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Exhibitors Excited to Reconnect With NAB Show Attendees

Road to NAB Show
(Image credit: NAB)

Faced with the challenges of the pandemic over the past year and a half, manufacturers regrouped to make sure broadcasters had products they needed to stay on the air. But the chance to meet with customers and colleagues in person is what’s been missing. As the industry prepares to gather in Las Vegas, exhibitors are eager to get back to business. We caught up with Telestream’s Scott Murray, SVP corporate marketing; Marshall Electronics’ Tod Musgrave, director of cameras; Dielectric’s Jay Martin, VP of sales; Dee McVicker, who is affiliated with Wheatstone Corp.; Maxon’s Paul Babb, chief marketing officer; and Chyron’s Carol Bettencourt, vice president of marketing, to hear their thoughts.

TV TECH: Heading to the NAB Show, what is your company looking forward to?

TELESTREAM’S SCOTT MURRAY: Everyone at Telestream is looking forward to meeting customers in person again. There’s nothing like getting feedback and working to solve challenges face-to-face. We’ve been hard at work and are eager to show people what we’ve developed including some exciting announcements that are coming out this fall.

MARSHALL’S TOD MUSGRAVE: The Marshall team is always eager to speak to our broadcast integrators and hear from the pros that use our products on a daily basis as well as for projects. This face-to-face interaction is irreplaceable and has always been a key source of feedback for us regarding our technology as to what’s working well in the field, what needs improving, and what emerging technologies are most important to them in practical use. These genuine face-to-face conversations with our customers provide us with the true and real feedback about the market, challenges, best practices, etc., and how we can better serve our customer base.

DIELECTRIC’S JAY MARTIN: Exhibitors are excited to get back in front of customers. This has been an unprecedented 30 months between NAB Shows, and much has changed from a market standpoint. We were in the middle of the TV spectrum repack at the 2019 NAB Show, which is the last time we all convened in Las Vegas. The design and manufacture of antennas, transmission line and RF systems hit an all-time high in 2019. Since that point, technology has continued to advance and markets have changed, both domestically and globally.

WHEATSTONE’S DEE MCVICKER: For manufacturers like Wheatstone, the NAB Show is the finish line. That is the fine point in time when all the work we’ve put into our new products comes into sharp focus and we get our first real input by the customer. Certainly, there are shows, events, and road trips along the way — well, at least there were until COVID-19 — but this one show is a huge part of the development cycle for us because we get product feedback from a wide variety of customers. NAB Shows are also where we get ideas for future products, where we look for solutions to industry problems or for ways to improve our products. That feedback loop is important, and I think that’s what we missed the most not being able to go to NAB Show last year.

MAXON’S PAUL BABB: Artists are at the heart of what we do at Maxon; we’re so fortunate to have such a dynamic and engaged community of users. That’s really what the return to NAB Show is all about for us — reconnecting with that community and spending time together in real life instead of video chats. The community is so ready to gather and reconnect, too.

CHYRON’S CAROL BETTENCOURT: The NAB Show is an integral part of our industry. It is a special time to reconnect with old friends and colleagues, as well as meet new people. Most importantly, it is a unique opportunity for us to share and listen to our clients, gauge their needs and pain points, and ensure that our products are meeting their expectations and beyond.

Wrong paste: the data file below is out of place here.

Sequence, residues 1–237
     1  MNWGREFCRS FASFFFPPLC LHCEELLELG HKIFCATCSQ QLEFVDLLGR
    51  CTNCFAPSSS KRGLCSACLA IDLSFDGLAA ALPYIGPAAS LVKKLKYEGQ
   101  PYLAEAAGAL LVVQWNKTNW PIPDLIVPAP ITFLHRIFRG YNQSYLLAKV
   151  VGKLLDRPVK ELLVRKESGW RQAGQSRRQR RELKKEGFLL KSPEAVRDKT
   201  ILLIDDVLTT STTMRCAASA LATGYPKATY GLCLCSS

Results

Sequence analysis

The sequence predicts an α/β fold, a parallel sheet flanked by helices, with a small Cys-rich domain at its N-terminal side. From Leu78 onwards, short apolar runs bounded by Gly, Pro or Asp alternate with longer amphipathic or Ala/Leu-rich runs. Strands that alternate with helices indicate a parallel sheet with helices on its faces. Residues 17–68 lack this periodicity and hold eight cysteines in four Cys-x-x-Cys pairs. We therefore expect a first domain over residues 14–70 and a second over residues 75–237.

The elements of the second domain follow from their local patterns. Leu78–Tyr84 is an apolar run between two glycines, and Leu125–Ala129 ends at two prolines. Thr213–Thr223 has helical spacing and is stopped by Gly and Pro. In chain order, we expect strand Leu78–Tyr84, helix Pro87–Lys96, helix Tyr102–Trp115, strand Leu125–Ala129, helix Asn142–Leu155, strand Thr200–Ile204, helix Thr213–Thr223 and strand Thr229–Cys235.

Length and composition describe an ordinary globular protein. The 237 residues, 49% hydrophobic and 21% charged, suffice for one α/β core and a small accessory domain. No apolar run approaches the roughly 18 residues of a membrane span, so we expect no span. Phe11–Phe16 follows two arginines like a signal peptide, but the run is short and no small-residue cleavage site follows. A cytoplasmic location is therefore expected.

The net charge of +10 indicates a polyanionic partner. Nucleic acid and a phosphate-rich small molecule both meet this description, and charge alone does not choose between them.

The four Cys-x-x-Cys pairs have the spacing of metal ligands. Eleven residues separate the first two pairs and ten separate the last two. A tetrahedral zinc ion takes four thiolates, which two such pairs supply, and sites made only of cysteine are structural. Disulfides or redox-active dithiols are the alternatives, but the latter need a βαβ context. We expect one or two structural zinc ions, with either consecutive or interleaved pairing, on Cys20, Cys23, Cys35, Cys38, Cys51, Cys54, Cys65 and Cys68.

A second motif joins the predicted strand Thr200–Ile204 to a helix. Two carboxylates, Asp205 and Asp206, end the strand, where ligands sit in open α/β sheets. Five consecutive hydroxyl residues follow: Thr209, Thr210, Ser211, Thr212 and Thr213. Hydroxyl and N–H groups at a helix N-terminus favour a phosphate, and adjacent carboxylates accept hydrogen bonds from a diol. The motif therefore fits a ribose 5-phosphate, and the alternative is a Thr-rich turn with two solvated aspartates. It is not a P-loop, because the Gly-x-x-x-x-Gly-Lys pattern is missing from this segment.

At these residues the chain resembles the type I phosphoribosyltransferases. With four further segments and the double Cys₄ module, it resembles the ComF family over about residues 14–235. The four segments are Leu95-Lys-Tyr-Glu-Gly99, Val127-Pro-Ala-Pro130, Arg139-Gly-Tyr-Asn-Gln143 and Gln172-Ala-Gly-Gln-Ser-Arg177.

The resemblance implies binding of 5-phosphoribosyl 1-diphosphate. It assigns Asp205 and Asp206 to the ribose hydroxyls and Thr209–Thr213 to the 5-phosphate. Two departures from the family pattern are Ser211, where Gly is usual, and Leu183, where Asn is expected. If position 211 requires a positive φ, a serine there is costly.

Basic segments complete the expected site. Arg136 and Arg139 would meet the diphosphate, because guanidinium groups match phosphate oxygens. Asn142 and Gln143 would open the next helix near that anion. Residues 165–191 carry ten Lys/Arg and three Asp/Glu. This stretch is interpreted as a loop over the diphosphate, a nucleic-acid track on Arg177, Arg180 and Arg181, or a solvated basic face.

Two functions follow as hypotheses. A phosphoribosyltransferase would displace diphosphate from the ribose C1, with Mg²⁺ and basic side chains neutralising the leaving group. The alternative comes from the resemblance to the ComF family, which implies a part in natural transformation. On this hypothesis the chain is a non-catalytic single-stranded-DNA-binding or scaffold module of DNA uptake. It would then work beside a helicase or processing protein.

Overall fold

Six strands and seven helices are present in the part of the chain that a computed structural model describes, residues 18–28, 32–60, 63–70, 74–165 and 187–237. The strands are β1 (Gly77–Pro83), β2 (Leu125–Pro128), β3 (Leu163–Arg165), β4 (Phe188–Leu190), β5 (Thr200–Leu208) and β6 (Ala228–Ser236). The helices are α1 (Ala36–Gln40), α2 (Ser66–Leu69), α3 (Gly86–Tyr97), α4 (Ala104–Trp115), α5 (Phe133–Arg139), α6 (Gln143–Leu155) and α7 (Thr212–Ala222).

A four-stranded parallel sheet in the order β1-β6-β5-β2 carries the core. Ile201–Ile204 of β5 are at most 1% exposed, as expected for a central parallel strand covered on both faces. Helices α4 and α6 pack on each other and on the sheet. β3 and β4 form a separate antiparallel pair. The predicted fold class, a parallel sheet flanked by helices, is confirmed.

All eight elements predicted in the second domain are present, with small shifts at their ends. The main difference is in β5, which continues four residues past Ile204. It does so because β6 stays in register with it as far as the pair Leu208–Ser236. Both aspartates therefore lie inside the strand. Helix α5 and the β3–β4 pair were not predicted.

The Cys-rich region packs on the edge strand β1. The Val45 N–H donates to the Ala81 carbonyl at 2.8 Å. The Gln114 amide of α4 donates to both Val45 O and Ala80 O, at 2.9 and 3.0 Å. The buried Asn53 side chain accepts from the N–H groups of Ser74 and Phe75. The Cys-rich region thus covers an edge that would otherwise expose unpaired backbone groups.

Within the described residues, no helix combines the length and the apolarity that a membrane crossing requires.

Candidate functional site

TVT: Does anything specific have you excited to be back?

MURRAY: We are social creatures and we’ve been isolated from our social networks for a year and a half. Ours is a close industry, and many people have known each other for years. Even though people move from vendor to vendor or customer to customer, there are a lot of friendships and relationships between people that have existed for decades.

MUSGRAVE: We are excited to be back so that we can interact with our customers, hear their successes and challenges, and introduce our products to new users.

MARTIN: The basic premise for customer engagement is face time. This has been non-existent since March 2020, and exhibitors are excited to get back to this to share what has changed. Dielectric will have a strong focus on technology changes on the radio side, and this will be accompanied by product launches at the show.

MCVICKER: Yes. I am personally interested in seeing what’s new on the auto dashboard and how we’re delivering programming to the car and new ways of using metadata, etc. Someone posed the question on social media recently asking if most of us listen to music outside the car, and I realized that about the only time I listen to music anymore is when I’m driving. Most everyone who responded to that post had a similar comment. At the same time, things have changed drastically in the automobile for me. We purchased a Tesla a few months ago, and you know, it doesn’t have a radio with buttons and knobs. It’s just a huge computer monitor. So, not only is my entire music experience taking place in the car these days; I’m experiencing music and radio through a user interface that is a lot different than even a year ago.

TVT: Did the pandemic affect your company’s product lineup for this show?

MURRAY: The pandemic did cause us to slightly adjust our priorities as we rushed to align ourselves with the needs of our customers. Our Glim product, which lets people play high-res media files from anywhere, is an example of that. For the most part our roadmap has remained unaltered and on schedule thanks to plenty of strategic decision-making by the team.

MUSGRAVE: Not so much, as we’ve been hard at work throughout the pandemic ensuring our products serve the new normal. When the market shifted to remote collaboration, remote reporting, remote work, remote everything, we had those products available in IP, USB and NDI forms. We’ve also been deep in product development. However, we did choose to change the way we will display and demo products at the show.